If you are looking for an answer to the question What is Artificial Intelligence? and you only have a minute, then here's the definition the Association for the Advancement of Artificial Intelligence offers on its home page: "the scientific understanding of the mechanisms underlying thought and intelligent behavior and their embodiment in machines."
However, if you are fortunate enough to have more than a minute, then please get ready to embark upon an exciting journey exploring AI (but beware, it could last a lifetime) …
During its Build conference today, Microsoft introduced Project Ink Analysis, which does exactly what you'd think: Make sense of digital writing. The toolkit both understands words and provides features typically found in text editors, like alignment and bulleting. While Project Ink Analysis is still in its experimental stages, it could obviously help anyone who habitually writes with styluses on digital platforms. It might not garner deep insights into your personality like IBM Watson, but its simple beautification tools can clean up chickenscratch and even translate from 67 languages. It could be plenty useful for all the Surface Pen users out there who want their scrawling handwriting to look just a bit more professional (and legible).
Forbus, Kenneth D. (Northwestern University) | Garnier, Bridget (University of Wisconsin-Madison) | Tikoff, Basil (University of Wisconsin-Madison) | Marko, Wayne (Northwestern University) | Usher, Madeline (Northwestern University) | McLure, Matthew (Northwestern University)
Sketching can be a valuable tool for science education, but it is currently underutilized. Sketch worksheets were developed to help change this, by using AI technology to give students immediate feedback and to give instructors assistance in grading. Sketch worksheets use visual representations automatically computed by CogSketch, which are combined with conceptual information from the OpenCyc ontology. Feedback is provided to students by comparing an instructor’s sketch to a student’s sketch, using the Structure-Mapping Engine. This paper describes our experiences in deploying sketch worksheets in two types of classes: Geoscience and AI. Sketch worksheets for introductory geoscience classes were developed by geoscientists at University of Wisconsin-Madison, authored using CogSketch and used in classes at both Wisconsin and Northwestern University. Sketch worksheets were also developed and deployed for a knowledge representation and reasoning course at Northwestern. Our experience indicates that sketch worksheets can provide helpful on-the-spot feedback to students, and significantly improve grading efficiency, to the point where sketching assignments can be more practical to use broadly in STEM education.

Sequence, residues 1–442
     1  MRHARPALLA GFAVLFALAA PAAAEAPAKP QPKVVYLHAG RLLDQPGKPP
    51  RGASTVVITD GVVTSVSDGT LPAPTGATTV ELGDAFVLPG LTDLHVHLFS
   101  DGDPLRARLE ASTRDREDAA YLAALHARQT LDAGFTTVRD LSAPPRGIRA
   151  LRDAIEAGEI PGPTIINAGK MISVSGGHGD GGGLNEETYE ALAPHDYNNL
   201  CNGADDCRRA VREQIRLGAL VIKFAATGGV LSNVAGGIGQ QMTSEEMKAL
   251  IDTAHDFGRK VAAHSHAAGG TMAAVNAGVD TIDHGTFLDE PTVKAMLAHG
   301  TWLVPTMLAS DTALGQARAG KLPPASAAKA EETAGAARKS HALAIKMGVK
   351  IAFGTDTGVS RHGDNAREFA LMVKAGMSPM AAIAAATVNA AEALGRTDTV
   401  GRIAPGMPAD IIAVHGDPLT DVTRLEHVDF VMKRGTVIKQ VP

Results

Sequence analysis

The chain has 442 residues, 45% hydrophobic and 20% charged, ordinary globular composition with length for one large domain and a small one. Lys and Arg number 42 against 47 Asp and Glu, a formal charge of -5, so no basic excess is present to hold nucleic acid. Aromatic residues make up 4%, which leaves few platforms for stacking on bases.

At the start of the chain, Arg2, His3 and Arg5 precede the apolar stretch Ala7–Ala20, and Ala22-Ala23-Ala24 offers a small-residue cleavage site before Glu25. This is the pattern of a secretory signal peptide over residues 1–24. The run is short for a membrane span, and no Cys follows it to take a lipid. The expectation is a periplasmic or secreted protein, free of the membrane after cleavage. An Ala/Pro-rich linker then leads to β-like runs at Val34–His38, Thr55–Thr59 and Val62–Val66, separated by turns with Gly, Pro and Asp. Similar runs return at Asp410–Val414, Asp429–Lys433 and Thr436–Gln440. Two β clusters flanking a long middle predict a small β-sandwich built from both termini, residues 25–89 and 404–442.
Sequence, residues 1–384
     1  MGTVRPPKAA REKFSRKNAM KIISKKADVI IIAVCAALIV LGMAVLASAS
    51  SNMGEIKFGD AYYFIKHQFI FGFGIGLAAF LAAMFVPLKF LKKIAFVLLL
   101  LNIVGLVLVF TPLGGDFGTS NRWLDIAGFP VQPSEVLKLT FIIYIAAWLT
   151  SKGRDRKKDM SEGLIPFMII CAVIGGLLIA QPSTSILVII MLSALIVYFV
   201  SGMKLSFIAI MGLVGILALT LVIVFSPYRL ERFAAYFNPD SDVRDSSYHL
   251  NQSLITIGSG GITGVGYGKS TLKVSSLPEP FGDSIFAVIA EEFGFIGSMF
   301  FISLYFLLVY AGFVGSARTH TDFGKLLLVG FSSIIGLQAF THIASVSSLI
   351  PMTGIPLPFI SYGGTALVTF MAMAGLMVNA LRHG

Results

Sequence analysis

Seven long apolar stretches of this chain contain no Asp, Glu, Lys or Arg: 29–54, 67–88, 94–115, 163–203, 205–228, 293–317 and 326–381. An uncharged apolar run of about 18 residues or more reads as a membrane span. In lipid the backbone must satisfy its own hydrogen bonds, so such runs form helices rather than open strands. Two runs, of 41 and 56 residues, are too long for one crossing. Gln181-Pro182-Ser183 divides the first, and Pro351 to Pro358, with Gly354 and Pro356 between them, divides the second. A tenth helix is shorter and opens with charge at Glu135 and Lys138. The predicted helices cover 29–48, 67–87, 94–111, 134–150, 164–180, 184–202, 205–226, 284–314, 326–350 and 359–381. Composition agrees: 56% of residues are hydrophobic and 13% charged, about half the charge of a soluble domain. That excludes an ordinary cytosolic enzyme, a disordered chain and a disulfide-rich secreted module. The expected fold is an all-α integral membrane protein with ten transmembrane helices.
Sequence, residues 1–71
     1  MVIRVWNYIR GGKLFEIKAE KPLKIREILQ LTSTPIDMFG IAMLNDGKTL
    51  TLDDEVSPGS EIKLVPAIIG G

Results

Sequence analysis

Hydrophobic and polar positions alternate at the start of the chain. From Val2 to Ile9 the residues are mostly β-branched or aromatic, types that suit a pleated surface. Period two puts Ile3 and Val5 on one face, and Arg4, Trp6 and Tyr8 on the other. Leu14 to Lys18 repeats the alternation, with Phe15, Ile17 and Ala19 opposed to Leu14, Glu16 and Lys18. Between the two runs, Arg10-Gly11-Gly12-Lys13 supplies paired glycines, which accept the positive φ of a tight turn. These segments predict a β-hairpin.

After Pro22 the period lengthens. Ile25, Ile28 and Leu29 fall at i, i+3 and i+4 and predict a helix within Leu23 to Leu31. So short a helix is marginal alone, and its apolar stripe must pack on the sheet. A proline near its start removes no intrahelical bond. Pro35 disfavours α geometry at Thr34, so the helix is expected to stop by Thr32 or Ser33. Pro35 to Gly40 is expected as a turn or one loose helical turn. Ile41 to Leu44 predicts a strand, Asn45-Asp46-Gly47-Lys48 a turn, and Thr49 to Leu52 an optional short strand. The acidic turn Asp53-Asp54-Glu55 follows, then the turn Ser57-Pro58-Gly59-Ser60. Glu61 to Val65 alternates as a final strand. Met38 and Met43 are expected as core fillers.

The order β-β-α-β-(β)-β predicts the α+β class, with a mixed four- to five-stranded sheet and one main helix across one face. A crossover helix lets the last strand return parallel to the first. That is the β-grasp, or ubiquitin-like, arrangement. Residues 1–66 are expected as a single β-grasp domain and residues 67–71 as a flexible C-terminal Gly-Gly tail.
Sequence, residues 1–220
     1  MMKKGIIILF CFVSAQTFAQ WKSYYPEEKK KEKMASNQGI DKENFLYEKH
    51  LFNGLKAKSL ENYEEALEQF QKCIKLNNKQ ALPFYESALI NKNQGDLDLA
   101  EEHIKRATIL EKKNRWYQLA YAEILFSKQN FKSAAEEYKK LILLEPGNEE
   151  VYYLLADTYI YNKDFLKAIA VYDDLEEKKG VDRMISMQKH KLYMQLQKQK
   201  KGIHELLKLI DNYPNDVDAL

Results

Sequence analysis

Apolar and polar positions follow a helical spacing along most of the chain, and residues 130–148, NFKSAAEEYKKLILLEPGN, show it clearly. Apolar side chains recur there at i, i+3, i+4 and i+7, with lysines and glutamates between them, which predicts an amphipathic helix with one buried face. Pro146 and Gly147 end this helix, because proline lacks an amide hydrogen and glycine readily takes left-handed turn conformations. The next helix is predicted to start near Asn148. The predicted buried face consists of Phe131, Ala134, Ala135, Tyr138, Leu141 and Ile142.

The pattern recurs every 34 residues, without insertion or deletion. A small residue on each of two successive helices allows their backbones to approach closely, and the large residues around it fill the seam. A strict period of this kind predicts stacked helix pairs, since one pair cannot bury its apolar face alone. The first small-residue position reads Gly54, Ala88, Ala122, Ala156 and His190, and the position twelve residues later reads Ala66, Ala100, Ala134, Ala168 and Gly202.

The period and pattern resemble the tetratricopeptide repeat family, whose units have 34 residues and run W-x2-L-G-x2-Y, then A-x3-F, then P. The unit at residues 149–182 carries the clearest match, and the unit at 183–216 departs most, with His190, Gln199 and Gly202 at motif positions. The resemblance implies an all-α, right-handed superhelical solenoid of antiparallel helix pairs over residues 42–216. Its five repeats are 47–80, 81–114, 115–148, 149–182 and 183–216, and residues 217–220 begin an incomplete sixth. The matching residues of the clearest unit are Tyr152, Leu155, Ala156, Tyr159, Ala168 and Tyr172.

Useful feedback makes use of models of domain-specific knowledge, especially models that are commonly held by potential students. To empirically determine what these models are, student data can be clustered to reveal common misconceptions or common problem-solving strategies. This article describes how analogical retrieval and generalization can be used to cluster automatically analyzed handdrawn sketches incorporating both spatial and conceptual information. We use this approach to cluster a corpus of hand-drawn student sketches to discover common answers. Common answer clusters can be used for the design of targeted feedback and for assessment.